Peruvian cuisine does not need a special presentation. Thinking about our country is already synonymous with good food, with recipes full of flavour and tradition that is kept alive over low heat in every kitchen.
Coque Ossio is the Head Chef of Cusco Restaurants, one of the gastronomic references in the Imperial City. We talked with him about how do Peruvians eat, and this is what he told us:
What is it about Peruvian food that has made it so popular?
Coque: One thing Peruvian food has is its flavour. It is full of colour, which makes it stand out when you put it on the table. We like to mix things up, add rice to the lomo saltado, put a little pepper in it... we love to enjoy food. Some of the dishes may seem similar to those of Indian or Thai food, but our flavours are unique.
They say that every dish tells a story, what does our Peruvian food say about us?
Coque: Peruvian gastronomy shows the great richness we have within ourselves. The many varieties of cuisine in Peru tell us that the country is great. We have the coast, the highlands and the jungle – Peru is diverse and fruitful. You can recognise the fusions that have taken place over the years, while still maintaining the traditional roots. The food here is an art form which allows us to express the cultural diversity we have in our country.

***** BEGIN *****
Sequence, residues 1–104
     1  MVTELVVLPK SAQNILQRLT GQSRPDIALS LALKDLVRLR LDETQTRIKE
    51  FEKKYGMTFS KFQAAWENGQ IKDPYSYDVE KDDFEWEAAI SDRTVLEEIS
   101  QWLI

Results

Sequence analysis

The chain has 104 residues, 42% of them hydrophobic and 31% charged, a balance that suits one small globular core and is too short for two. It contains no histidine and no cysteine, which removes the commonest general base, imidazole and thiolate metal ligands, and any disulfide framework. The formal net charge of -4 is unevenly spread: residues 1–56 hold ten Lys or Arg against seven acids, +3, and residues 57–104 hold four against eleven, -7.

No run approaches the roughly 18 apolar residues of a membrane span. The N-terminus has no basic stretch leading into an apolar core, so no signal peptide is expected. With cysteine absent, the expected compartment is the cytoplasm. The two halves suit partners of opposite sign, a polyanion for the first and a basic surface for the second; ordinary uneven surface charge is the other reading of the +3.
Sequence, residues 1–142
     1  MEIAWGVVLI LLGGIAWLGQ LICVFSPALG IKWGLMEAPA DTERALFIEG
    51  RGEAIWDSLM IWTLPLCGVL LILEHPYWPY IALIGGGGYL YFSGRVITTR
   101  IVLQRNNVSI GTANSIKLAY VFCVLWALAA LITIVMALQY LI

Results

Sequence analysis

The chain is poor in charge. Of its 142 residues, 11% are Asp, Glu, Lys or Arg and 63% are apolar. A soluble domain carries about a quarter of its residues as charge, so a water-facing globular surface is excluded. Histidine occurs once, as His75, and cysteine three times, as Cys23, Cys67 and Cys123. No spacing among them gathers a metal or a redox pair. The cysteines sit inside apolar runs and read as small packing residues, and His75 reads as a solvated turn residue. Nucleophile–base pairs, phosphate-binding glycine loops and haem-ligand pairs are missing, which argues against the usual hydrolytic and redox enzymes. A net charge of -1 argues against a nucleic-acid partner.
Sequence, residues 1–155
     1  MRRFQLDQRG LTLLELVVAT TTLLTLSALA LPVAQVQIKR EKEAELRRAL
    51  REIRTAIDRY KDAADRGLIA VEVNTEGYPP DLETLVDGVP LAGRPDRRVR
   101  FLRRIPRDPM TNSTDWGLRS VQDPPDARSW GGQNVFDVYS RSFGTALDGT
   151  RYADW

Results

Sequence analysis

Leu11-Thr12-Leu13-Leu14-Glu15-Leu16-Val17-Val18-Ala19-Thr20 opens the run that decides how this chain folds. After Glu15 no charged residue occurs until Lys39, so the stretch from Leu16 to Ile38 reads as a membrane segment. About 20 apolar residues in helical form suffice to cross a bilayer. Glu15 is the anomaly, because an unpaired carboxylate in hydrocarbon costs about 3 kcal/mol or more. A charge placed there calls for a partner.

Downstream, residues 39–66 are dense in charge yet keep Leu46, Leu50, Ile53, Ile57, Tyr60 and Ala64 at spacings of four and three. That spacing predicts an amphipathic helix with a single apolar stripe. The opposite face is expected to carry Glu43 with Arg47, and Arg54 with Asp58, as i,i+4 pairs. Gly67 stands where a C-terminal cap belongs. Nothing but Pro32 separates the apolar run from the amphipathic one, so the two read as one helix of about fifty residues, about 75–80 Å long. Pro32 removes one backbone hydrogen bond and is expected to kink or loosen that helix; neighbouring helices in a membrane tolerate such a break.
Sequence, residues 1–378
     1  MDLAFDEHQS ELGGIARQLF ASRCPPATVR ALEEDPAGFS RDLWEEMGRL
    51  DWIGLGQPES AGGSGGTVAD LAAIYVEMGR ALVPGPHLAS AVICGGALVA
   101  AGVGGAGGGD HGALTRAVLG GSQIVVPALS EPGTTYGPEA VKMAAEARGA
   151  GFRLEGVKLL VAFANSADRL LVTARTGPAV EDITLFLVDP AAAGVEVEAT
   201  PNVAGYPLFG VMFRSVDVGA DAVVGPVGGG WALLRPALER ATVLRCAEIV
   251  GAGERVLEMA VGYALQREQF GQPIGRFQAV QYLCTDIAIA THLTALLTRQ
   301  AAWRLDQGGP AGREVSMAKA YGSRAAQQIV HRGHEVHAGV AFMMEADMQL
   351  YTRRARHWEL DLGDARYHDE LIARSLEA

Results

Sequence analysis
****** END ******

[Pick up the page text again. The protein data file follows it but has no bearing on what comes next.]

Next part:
How has the evolution of our gastronomy been over time?
Coque: What has been happening with our gastronomy is that previously it was looking for a cuisine that was very controlled and formal, with structured dishes. Now there is a desire to return to the basics, to the earthenware pot with a stew that tastes like your grandmothers' recipe – something that Peruvian cuisine has never lost. It is excellent that we have a trend to revalue the rusticity, but without losing the stylistic touch that adds an extra twist to create a dish of the highest quality without losing its traditional heart.
What changes have you seen in how tourists appreciate our traditional gastronomy?
Coque: In general, travellers today are much more willing to try new things. The access to information means they can discover beforehand what they are going to find here: the tourist is no longer scared to see a whole fried guinea pig on the table, because he has already seen the photographs on the internet. Before, as chefs, we wanted to be sure that we were offering something they would be willing to eat; nowadays, we have the chance to put more of ourselves into the work and show the full potential of our local cuisine.
Read the full interview with Coque Ossio in our magazine, Ultimate Journeys.
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